Topic Overview

What are glucosamine and chondroitin?

Glucosamine and chondroitin are part of normal
cartilage. Cartilage acts as a cushion between the
bones in a joint.

Glucosamine, also called chitosamine, is a
natural substance that is found in the covering of shellfish. It is available
in different forms, including glucosamine hydrochloride, N-acetyl-glucosamine
(NAG), and glucosamine sulfate, which is a combination of glucosamine and
mineral salt. Glucosamine is also available in synthetic forms. The body
absorbs glucosamine well.

Chondroitin can come from natural
sources, such as shark or bovine cartilage, or it can be made in a lab.
Chondroitin is also known as chondroitin sulfate, chondroitin sulfuric acid,
and chonsurid. Chondroitin sulfate is a combination of chondroitin and mineral
salt.

Glucosamine and chondroitin are available in tablet,
capsule, powder, or liquid form and are often taken in combination with each
other or in combination with other dietary supplements. Glucosamine may be
taken separately as a dietary supplement for joints.

What are glucosamine and chondroitin used for?

Many people take glucosamine and chondroitin, alone or together, for
osteoarthritis. Some people believe this helps. But an analysis of studies looking at glucosamine or chondroitin for osteoarthritis in the hip or knee did not
show that these supplements slow joint destruction or relieve pain.footnote 1

Are glucosamine and chondroitin safe?

It appears that glucosamine and chondroitin, alone or
together, are safe and have few side effects. But they cost money and will not
help you more than a placebo. Talk to your doctor if you are thinking about taking glucosamine and
chondroitin.

If you are allergic to shellfish, do not take
glucosamine unless you have talked to your doctor. Some glucosamine is
made from shellfish covering.

The U.S. Food and Drug
Administration (FDA) does not regulate dietary supplements in the same way it
regulates medicines. A dietary supplement can be sold with limited or no
research on how well it works.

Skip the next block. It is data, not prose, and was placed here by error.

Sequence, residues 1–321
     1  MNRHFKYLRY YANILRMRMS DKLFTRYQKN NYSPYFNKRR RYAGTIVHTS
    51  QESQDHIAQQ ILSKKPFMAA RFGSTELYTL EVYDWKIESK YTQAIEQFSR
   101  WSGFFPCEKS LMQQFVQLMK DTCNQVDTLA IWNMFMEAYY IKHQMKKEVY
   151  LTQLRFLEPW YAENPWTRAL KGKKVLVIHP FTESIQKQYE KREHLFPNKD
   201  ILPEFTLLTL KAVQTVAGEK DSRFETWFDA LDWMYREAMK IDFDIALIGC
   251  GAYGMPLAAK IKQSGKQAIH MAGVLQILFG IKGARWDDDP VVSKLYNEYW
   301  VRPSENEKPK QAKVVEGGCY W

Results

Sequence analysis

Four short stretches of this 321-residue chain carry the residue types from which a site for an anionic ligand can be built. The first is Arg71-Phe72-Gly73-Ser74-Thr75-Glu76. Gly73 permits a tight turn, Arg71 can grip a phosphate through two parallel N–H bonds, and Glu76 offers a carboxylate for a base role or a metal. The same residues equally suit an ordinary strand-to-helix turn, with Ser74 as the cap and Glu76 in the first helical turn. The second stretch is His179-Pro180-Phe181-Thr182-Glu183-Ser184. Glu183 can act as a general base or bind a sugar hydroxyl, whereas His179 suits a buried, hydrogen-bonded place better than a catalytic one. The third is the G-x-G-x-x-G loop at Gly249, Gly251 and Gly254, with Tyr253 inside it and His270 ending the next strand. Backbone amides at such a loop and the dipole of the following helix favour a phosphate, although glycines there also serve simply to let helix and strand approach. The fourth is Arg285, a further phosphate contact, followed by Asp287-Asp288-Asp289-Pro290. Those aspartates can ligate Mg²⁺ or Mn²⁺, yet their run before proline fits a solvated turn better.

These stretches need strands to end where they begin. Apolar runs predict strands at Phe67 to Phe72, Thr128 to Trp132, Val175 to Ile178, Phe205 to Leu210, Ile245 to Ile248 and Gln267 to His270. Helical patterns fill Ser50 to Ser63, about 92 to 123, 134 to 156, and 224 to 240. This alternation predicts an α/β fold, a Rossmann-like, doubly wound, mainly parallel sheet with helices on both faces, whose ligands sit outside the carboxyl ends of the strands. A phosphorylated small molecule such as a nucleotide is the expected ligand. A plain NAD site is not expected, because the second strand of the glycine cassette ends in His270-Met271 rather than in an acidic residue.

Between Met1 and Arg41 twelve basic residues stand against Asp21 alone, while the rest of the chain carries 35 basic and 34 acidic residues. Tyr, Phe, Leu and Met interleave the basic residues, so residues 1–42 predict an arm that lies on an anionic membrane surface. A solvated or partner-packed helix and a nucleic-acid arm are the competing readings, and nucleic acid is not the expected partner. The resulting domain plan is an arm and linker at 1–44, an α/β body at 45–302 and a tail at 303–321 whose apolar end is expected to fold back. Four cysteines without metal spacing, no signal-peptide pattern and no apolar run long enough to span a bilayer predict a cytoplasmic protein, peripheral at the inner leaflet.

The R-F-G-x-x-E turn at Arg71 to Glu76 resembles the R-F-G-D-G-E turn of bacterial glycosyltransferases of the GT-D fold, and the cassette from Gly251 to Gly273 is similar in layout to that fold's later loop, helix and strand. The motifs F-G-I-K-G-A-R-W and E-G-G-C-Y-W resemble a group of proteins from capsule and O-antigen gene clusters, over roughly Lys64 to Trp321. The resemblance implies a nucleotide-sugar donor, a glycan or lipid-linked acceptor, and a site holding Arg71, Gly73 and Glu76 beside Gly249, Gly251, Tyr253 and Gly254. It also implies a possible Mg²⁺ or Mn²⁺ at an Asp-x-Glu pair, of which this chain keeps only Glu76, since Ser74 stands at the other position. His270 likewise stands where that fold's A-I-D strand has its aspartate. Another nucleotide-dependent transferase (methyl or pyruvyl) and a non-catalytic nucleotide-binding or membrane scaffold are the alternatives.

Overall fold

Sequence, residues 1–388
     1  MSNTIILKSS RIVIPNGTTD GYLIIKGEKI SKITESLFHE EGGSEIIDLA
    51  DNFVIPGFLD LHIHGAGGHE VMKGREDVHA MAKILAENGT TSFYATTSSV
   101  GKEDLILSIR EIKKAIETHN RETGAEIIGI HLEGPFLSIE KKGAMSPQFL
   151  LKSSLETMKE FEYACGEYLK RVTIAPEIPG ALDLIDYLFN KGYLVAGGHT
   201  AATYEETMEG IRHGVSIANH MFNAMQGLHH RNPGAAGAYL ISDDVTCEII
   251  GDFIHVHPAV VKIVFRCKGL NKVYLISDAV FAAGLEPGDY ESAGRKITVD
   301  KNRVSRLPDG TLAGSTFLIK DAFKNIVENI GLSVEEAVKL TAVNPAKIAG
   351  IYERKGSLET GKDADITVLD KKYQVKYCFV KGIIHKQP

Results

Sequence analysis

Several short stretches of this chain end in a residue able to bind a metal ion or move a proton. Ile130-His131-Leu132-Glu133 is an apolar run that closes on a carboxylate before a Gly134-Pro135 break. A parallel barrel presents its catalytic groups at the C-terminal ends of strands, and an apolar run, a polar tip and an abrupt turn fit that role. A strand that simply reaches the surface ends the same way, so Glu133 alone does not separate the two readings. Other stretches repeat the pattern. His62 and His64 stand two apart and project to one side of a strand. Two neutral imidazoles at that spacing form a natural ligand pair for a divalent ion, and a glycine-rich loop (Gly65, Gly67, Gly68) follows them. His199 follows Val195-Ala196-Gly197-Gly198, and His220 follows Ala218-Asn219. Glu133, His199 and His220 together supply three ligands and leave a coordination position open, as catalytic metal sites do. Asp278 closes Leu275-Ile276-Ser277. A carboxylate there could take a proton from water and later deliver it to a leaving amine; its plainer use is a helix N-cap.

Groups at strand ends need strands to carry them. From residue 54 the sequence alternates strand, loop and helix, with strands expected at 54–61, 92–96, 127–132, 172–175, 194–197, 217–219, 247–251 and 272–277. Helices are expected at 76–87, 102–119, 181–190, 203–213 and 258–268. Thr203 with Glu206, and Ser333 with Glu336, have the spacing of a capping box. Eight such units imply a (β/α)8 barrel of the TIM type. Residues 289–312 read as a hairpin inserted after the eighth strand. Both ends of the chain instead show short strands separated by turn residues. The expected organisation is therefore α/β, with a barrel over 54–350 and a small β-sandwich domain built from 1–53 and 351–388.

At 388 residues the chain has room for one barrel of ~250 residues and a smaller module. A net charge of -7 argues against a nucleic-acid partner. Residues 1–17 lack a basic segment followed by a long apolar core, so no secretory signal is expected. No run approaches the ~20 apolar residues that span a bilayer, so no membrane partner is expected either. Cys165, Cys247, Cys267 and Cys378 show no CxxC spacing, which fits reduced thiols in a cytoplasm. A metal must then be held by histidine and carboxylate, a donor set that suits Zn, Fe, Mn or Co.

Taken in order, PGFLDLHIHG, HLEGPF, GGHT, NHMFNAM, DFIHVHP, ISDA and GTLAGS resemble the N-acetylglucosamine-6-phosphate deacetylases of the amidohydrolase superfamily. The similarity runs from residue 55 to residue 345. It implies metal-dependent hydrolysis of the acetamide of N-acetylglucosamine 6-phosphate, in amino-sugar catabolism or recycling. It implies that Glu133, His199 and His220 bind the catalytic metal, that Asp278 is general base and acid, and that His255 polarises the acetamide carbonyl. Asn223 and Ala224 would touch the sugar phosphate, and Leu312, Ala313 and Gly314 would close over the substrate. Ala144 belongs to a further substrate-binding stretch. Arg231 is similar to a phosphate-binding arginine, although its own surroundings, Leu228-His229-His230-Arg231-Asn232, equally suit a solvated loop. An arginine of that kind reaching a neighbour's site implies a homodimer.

Always tell your doctor if you are
using a dietary supplement or if you are thinking about combining a dietary
supplement with your conventional medical treatment. It may not be safe to
forgo your conventional medical treatment and rely only on a dietary
supplement. This is especially important for women who are pregnant or
breastfeeding.

When using dietary supplements, keep in mind the following:

  • Like conventional medicines, dietary
    supplements may cause side effects, trigger allergic reactions, or interact
    with prescription and nonprescription medicines or other supplements you might
    be taking. A side effect or interaction with another medicine or supplement may
    make other health conditions worse.
  • The way dietary supplements
    are manufactured may not be standardized. Because of this, how well they work
    or any side effects they cause may differ among brands or even within different
    lots of the same brand. The form of supplement that you buy in health food or
    grocery stores may not be the same as the form used in research.
  • Other than for vitamins and minerals, the long-term effects of
    most dietary supplements are not known.

References

Citations

  1. Wandel S, et al. (2010). Effects of glucosamine, chondroitin, or placebo in patients with osteoarthritis of the hip or knee: Network meta-analysis. BMJ. Published online September 16, 2010 (doi:10.1136/bmj.c4675).

Other Works Consulted

  • Chondroitin (2015). Facts and Comparisons eAnswers. http://online.factsandcomparisons.com/MonoDisp.aspx?monoID=fandc-np5090&quick=-316792%7c20&search=-316792%7c20&isstemmed=True&NDCmapping=-1&fromTop=true. Accessed April 28, 2016.
  • Clegg DO, et al. (2006). Glucosamine, chondroitin sulfate, and the two in combination for painful knee osteoarthritis. New England Journal of Medicine, 354(8): 795-808.
  • Drugs for osteoarthritis (2014). Medical Letter on Drugs and Therapeutics, 56(1540): 80-84. http://secure.medicalletter.org/system/files/private/TML-article-1450b.pdf. Accessed April 28, 2016.
  • Gabay C, et al. (2011). Symptomatic effects of chondroitin 4 and chondroitin 6 sulfate on hand osteoarthritis. Arthritis and Rheumatism, 63(11): 3383-3391.
  • Glucosamine (2016). Facts and Comparisons eAnswers. http://online.factsandcomparisons.com/MonoDisp.aspx?monoid=fandc-np5144&book=NP&fromtop=true&search=-513952%7c5&isStemmed=True&asbooks=. Accessed April 28, 2016.
  • Scott D (2009). Osteoarthritis of the hip, search date May 2007. Online version of BMJ Clinical Evidence: http://www.clinicalevidence.com.
  • Scott D, Kowalczyk A (2007). Osteoarthritis of the knee, search date October 2006. Online version of BMJ Clinical Evidence: http://www.clinicalevidence.com.

Credits

ByHealthwise Staff
Primary Medical Reviewer Anne C. Poinier, MD – Internal Medicine
Martin J. Gabica, MD – Family Medicine
Kathleen Romito, MD – Family Medicine
Specialist Medical Reviewer Stanford M. Shoor, MD – Rheumatology

Current as ofOctober 10, 2017